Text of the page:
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Pointing a laser pointer at a cop is a crime, but it is not a base, vile, or depraved crime according to the Ninth Circuit's decision in Coquico v. Lynch.

ICE put John Coquico in removal proceedings, alleging that he was deportable for conviction of two crimes involving moral turpitude after admission: a 2007 conviction for robbery and a 2006 misdemeanor conviction for "unlawful laser activity" in violation of California Penal Code (PC) 417.26. He argued the PC 417.26 conviction did not involve moral turpitude.

PC 417.26 provides,

(a) Any person who aims or points a laser scope as defined in subdivision (b) of Section 417.25, or a laser pointer, as defined in subdivision (c) of that section, at a peace officer with the specific intent to cause the officer apprehension or fear of bodily harm and who knows or reasonably should know that the person at whom he or she is aiming or pointing is a peace officer, is guilty of a misdemeanor punishable by imprisonment in a county jail for a term not exceeding six months.

The immigration judge found this crime to involve moral turpitude because she found it involved "possession of weapons which are insidious instruments normally used for criminal purposes.” The Board of Immigration Appeals agreed that the crime involved moral turpitude for the slightly different reason of "the crime is committed against a peace officer and the nature of the crime involves using a device which gives the appearance or facade of the use of a deadly weapon."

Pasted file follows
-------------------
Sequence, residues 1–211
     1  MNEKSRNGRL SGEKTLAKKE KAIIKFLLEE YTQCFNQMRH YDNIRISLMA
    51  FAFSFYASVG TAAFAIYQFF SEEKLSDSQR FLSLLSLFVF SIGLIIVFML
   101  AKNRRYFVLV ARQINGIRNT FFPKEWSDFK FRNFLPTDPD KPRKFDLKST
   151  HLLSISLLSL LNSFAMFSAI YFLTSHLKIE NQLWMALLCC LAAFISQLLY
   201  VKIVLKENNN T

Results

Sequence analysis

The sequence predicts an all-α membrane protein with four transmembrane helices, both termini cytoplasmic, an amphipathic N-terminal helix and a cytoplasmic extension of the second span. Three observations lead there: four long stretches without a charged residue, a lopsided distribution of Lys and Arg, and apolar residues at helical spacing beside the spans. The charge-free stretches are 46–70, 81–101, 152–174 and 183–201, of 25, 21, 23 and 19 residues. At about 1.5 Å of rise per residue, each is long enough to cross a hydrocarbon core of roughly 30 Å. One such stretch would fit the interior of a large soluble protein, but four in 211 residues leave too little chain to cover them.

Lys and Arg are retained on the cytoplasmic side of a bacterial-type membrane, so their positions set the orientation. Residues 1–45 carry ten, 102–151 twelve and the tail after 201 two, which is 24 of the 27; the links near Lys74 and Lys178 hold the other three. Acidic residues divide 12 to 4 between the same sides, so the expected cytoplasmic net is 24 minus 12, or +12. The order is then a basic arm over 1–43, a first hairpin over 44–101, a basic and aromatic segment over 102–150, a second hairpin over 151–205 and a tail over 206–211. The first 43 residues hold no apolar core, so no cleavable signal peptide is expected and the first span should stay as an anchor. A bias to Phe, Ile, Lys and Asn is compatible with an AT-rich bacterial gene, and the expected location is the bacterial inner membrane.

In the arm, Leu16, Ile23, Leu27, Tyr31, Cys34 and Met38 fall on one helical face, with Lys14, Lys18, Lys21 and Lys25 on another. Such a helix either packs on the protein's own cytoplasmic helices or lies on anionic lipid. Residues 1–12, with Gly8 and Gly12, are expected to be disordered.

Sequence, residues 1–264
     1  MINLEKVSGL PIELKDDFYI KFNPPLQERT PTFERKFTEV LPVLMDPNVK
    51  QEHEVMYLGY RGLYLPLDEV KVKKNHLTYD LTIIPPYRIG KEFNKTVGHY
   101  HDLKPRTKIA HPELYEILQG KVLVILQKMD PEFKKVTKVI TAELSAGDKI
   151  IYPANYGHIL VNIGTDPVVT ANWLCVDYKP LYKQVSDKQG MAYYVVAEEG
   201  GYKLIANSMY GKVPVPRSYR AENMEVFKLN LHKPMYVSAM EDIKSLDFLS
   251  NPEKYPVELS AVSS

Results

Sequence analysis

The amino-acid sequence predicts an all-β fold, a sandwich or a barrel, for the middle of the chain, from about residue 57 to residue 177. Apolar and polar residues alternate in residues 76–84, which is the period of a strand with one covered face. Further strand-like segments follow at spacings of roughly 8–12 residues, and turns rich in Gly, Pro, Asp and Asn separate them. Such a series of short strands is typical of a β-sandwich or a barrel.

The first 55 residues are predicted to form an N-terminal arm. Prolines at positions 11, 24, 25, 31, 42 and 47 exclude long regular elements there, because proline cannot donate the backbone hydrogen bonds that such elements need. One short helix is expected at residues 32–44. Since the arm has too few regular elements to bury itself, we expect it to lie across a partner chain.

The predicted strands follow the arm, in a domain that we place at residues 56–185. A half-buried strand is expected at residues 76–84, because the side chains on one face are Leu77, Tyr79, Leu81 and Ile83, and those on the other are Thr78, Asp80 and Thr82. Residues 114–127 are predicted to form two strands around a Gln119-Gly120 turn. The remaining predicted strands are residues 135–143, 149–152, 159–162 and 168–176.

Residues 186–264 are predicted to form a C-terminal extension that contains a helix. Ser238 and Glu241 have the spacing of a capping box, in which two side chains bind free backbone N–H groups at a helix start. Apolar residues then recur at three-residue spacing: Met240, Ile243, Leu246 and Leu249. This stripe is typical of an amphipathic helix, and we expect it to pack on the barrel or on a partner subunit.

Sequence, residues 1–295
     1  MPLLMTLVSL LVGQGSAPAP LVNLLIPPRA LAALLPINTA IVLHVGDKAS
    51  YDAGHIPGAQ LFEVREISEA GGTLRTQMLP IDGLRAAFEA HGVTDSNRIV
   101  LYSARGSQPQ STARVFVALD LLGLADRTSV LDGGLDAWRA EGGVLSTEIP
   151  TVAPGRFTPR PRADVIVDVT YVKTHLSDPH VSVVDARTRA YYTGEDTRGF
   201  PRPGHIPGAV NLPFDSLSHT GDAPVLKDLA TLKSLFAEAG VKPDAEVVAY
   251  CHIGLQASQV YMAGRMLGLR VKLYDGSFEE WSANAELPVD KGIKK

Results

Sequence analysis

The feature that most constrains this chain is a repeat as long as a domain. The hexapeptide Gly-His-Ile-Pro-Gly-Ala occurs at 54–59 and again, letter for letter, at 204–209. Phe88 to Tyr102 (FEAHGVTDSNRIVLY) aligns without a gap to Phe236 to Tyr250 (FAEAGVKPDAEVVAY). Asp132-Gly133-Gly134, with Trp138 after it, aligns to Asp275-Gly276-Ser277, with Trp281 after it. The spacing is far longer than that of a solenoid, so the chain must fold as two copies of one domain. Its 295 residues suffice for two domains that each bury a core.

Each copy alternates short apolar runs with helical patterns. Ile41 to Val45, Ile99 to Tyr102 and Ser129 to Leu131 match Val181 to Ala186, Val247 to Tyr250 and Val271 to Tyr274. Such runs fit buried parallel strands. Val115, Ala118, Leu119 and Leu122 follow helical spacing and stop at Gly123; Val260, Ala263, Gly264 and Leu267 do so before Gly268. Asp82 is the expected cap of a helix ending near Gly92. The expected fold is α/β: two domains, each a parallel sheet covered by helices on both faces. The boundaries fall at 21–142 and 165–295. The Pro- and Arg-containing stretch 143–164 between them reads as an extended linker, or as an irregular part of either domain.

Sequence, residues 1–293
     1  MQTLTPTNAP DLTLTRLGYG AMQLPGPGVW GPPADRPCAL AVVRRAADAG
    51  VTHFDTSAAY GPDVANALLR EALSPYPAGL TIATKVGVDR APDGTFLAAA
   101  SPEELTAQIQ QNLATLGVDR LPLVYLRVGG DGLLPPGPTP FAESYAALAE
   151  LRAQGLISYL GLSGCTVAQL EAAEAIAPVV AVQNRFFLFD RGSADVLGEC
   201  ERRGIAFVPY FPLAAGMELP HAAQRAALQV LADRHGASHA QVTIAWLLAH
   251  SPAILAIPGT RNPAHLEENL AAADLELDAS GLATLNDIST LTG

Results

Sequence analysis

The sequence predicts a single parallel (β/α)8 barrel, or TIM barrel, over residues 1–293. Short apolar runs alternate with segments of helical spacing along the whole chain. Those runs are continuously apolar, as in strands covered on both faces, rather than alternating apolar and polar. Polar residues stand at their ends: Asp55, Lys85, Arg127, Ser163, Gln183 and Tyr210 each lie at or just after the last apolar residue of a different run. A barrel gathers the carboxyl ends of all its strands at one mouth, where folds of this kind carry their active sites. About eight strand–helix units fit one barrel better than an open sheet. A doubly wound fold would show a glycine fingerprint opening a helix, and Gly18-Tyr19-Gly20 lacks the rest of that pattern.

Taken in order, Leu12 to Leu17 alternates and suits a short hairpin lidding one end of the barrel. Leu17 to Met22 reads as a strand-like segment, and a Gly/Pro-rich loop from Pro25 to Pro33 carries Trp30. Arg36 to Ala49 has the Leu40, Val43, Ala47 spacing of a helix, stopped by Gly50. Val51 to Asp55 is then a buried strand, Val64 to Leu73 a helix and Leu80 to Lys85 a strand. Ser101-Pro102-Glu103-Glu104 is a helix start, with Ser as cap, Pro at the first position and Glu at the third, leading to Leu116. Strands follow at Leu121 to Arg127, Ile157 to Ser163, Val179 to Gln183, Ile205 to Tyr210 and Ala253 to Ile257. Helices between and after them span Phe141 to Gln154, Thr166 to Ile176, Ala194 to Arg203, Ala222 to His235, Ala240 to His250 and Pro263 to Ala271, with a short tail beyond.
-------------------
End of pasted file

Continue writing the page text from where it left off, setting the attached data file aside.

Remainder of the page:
Really? Apparently the immigration judge and Board are unfamiliar with what exactly a laser pointer is. Helpfully, the California statute defines it as: "any hand held laser beam device or demonstration laser product." You know, like what they use to point on the projection screen at a dreary continuing legal education seminar. Or like the one that naughty kid was using to distract the speakers at the last PTA meeting I went to. Annoying yes, an insidious weapon normally used for criminal purposes no.

Fortunately, the Ninth Circuit also went with annoying rather than deadly. It noted that the statute does not have any requirement that the laser pointer appear deadly to a reasonable person. Nor does the statute require that the peace officer on the receiving end be in reasonable fear of bodily harm (much less experience any harm). In other words, all that PC 417.26 requires is that some knucklehead intend to cause the officer fear of harm, not that the officer have a reasonable basis to fear harm. The Ninth Circuit found that to be the critical point.

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In this case arising from the Commonwealth of the Northern Mariana Islands (CNMI), the Ninth Circuit held that Etumai Felix Mtoched's 1994 conviction for assault with a deadly weapon in violation of 6 N. Mar. I. Code § 1204(a) was a deportable crime involving moral turpitude. It further found that ground of deportability could retroactively apply to Mr. Mtoched even though he was convicted of the offense before the Immigration and Nationality Act (INA) took effect in CNMI. Finally, it held that Mr. Mtoched could not apply for a 212(h) waiver of inadmissibility because he was already in the U.S. and was not eligible to adjust status.

Concerning the first question of whether Mr. Mtoched's assault with a deadly weapon conviction was a crime involving moral turpitude (CIMT), the panel found the statute of conviction was "divisible into three distinct subparts, all involving bodily injury to another person with a dangerous weapon: (1) threaten to cause, (2) attempt to cause, or (3) purposely cause." In reaching this conclusion, however, the panel appears to have assumed divisibility from the text of the statute. Its opinion failed to address prior precedent that holds an offense is divisible only if a jury must unanimously agree on which of multiple alternative elements a defendant committed. See Rendon v. Holder. The Mtoched panel simply ignored that precedent even though the Ninth Circuit had declined to rehear Rendon en banc more than a month earlier.